Friday, May 16, 2008

ESE and Gen Ed (Lourdes Santiago)

Dear Lourdes,
We both started in December and transitioned into very different roles in the classroom. Every time I see you, there is a smile on your face and you seem so calm and relaxed. It is obvious that you’re enjoying teaching 2nd grade. How has your ESE background helped prepare you for working in a 2nd grade ELA classroom as a General Ed. teacher? When you switch roles next year and become an ESE teacher, how do you think your experience as an ELA teacher will enrich your teaching strategies?

P.S. - I can’t wait to work with you next year!!!

Dear Shea,

It has been a wonderful and enriching experience coming to CCE! I feel that dreams really do begin here! With this said, I have truly enjoyed teaching 2nd grade. I must say that my ESE background helped prepare me in many areas for the General Ed. ELA classroom. I feel that it is clear to me which students need an extra hand academically and perhaps some extra attention in the area of TLC as well. It can be overwhelming to a student that learns differently or takes a longer time to process information when their peers just seem to “get it” right away. I have always enjoyed providing individual and small group instruction and support. I have been trained to pay attention to “red flags” and do not mind dedicating time to preparing extra worksheets or materials for extra practice and taking on tutoring as needed. It feels so rewarding when a student shows significant improvement because of the extra help that I have provided to them. Some students need this extra support and benefit extremely from a second person being available to them, be it an ESE teacher or a second teacher in a co-teach situation.
Now that I have taught in a whole group setting, I can really appreciate all of the duties General Education teachers take on. There is so much to do with so many students. An incredible amount of work goes into preparation of units, lessons, and materials. There is so much more to being a teacher than just the academics, though, and it is easier to comprehend how this can be overwhelming at times. As an ESE teacher next year, I feel that I can better relate to how a classroom is run and when strategies can be implemented without interrupting the students (or teacher’s) day. Now, I have a clear understanding of routines and scheduling in addition to how to better reach those struggling learners. Simple interventions to more intensive ones seem clearer to me in an inclusion setting.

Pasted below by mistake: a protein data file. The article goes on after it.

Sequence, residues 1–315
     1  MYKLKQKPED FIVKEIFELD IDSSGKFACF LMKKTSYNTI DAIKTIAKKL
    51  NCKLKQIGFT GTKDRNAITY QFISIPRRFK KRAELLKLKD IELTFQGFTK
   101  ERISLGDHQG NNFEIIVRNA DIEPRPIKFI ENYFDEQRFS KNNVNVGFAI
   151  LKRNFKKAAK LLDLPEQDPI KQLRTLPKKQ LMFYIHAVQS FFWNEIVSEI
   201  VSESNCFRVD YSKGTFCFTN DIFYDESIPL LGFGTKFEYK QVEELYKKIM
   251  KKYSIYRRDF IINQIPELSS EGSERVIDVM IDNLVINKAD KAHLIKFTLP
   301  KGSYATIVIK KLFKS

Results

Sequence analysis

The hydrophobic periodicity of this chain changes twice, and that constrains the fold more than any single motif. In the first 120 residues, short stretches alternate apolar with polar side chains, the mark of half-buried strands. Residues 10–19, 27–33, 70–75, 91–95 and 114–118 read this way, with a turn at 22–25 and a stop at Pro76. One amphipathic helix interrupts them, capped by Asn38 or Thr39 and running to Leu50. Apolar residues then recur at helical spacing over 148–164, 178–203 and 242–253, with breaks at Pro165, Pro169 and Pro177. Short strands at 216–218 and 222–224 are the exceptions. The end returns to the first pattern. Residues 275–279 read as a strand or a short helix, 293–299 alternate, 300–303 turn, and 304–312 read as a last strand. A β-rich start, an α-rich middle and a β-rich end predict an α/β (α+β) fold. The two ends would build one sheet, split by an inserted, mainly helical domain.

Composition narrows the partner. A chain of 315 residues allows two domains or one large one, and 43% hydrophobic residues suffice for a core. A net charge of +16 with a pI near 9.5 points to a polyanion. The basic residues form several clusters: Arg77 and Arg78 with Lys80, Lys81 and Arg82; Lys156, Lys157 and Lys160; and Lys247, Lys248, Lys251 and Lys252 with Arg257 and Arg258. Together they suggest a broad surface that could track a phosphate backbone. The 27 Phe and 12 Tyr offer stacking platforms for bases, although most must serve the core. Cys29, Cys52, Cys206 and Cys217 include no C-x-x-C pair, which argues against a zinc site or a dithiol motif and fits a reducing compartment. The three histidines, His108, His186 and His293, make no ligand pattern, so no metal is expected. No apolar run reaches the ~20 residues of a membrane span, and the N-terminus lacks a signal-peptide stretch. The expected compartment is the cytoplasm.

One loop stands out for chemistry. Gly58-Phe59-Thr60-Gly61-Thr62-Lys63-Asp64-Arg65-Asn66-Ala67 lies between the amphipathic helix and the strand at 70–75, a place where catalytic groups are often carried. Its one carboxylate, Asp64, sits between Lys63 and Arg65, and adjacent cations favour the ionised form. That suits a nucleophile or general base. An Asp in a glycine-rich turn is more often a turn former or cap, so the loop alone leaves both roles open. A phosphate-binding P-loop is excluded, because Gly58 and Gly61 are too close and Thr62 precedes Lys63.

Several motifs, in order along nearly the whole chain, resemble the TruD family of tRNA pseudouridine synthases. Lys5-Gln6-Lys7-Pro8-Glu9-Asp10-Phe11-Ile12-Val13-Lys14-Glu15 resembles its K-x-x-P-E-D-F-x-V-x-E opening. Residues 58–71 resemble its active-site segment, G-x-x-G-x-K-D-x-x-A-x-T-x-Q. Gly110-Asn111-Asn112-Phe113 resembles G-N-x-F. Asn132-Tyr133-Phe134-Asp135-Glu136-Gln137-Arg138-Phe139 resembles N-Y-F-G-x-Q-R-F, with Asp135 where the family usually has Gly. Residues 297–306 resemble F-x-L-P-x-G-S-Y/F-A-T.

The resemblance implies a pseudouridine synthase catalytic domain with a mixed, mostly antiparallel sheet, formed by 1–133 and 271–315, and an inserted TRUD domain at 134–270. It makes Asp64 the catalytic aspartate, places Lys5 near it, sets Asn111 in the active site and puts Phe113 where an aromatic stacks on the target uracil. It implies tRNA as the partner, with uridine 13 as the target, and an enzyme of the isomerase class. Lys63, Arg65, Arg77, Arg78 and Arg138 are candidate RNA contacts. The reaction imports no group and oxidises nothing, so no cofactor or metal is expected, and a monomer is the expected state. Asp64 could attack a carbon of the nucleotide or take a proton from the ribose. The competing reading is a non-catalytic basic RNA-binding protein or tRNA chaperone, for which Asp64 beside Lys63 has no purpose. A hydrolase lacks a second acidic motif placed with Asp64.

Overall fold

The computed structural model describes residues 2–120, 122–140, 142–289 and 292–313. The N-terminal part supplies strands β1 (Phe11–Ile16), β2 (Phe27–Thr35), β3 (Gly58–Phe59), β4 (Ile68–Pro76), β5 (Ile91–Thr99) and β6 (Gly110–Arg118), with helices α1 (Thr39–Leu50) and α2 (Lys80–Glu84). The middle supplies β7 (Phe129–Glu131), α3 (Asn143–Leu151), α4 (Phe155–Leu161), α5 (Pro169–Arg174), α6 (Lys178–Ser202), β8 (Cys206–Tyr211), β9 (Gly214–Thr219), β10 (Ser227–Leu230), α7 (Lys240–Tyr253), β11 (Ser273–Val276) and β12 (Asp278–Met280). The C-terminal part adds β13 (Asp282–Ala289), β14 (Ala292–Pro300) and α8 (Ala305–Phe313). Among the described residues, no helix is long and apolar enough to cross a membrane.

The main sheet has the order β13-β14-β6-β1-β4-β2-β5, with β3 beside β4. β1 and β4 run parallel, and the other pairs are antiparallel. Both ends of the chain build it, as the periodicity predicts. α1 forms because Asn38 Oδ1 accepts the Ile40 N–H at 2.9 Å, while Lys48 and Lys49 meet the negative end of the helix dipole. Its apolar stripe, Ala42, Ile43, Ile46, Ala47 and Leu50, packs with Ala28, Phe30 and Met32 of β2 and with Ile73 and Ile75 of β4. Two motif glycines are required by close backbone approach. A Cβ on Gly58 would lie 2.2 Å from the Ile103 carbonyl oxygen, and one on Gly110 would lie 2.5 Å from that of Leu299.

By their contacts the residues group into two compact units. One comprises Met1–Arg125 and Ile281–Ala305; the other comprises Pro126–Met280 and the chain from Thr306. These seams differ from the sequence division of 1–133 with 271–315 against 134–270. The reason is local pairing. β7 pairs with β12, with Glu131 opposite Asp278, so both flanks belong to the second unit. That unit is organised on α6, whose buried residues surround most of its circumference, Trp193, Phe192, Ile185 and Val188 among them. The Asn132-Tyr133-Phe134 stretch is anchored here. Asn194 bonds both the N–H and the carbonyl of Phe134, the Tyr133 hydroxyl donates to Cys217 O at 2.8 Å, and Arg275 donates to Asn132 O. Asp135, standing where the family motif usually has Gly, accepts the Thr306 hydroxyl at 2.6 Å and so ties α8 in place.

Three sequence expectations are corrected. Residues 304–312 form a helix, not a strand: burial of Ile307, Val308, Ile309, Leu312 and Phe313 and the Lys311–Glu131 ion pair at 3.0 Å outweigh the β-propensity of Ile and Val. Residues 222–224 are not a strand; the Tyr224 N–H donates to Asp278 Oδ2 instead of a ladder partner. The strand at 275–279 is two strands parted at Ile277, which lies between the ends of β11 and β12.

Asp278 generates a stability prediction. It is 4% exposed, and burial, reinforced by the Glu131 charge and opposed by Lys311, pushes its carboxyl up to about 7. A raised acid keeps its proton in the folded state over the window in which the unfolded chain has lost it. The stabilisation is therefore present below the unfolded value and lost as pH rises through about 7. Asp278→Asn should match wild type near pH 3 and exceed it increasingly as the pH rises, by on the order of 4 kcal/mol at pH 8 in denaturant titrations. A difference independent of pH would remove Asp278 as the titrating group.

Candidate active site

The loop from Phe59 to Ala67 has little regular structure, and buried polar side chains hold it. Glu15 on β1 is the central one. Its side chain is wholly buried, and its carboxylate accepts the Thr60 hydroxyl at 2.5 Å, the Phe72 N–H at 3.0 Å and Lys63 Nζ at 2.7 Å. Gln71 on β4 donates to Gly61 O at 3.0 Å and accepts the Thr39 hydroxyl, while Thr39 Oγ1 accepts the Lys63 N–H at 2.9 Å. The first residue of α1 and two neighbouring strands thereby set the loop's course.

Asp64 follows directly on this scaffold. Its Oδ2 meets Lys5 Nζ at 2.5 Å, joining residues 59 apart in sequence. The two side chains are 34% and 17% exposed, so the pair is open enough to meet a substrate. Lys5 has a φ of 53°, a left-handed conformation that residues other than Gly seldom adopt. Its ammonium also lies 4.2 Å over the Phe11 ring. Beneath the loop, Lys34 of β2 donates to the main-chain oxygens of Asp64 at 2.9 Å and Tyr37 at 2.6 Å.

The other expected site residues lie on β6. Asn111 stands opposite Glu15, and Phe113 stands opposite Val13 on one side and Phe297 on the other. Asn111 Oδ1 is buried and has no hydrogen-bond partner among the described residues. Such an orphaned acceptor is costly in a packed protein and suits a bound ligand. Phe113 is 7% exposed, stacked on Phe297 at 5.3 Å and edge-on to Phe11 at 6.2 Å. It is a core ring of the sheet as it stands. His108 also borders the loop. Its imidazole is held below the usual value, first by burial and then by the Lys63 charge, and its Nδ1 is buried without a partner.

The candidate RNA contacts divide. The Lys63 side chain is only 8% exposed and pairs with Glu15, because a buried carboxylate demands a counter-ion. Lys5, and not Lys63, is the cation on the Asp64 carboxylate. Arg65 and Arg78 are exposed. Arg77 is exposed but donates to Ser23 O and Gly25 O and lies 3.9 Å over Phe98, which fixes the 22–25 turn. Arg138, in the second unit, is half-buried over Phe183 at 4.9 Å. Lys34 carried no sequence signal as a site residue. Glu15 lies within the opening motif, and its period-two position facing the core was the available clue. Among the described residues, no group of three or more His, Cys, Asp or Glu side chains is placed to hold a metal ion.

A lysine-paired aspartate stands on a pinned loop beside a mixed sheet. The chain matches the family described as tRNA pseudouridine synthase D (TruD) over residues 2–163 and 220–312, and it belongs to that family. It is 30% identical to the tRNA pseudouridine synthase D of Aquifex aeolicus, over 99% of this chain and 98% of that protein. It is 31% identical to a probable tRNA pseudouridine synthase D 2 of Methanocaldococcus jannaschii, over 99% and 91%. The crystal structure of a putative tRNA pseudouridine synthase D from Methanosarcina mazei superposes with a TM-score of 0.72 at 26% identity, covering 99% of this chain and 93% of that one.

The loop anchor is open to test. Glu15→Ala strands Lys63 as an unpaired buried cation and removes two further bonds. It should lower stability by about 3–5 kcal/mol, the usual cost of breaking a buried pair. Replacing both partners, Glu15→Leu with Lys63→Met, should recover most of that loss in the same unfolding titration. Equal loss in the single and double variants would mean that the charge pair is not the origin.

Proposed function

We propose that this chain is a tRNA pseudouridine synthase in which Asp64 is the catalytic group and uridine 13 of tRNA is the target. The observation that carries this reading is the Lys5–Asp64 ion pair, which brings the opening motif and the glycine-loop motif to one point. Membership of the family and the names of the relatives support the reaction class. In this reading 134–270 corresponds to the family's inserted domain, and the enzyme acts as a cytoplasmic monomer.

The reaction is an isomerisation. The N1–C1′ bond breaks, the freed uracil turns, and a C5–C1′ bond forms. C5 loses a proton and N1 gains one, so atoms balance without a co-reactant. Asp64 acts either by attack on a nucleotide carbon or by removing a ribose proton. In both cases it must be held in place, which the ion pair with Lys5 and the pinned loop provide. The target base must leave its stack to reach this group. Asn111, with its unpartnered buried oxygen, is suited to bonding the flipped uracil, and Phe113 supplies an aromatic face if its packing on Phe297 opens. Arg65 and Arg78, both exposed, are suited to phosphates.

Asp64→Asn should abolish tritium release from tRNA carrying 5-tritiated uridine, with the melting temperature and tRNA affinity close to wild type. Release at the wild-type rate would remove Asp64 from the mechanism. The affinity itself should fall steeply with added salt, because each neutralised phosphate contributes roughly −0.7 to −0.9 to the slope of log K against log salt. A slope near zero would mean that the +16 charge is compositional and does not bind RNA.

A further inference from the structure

My internship consisted of teaching special needs students in grades Kindergarten through Fifth grades. I would pull students out for smaller group instruction and work in the classroom providing accommodations alongside their General Education teachers. I would have to plan out in advance according to each teacher’s schedule, what each class was working on and modify materials and tests. Under the direction of an excellent cooperating teacher, I was able to gain a wealth of knowledge in keeping up with it all and cover each area so that students can improve their skills in all subject areas. Shea, it surprises me that you feel I seem so calm and relaxed as there just seems to be so much to do and so little time. I look at different tasks at hand and do them in the order of priority. I try not to think too far ahead (especially with all the E.O.Y. deadlines approaching) and take it one step at a time. I feel that this is what has kept me sane (while productive) as I have learned my new role coming to CCE midway into the year.

I admire you and all that you bring to CCE! I know that next year will be an excellent year. I look forward to working closely with you to assure the needs of each of our students are met.
Lourdes Santiago

No comments: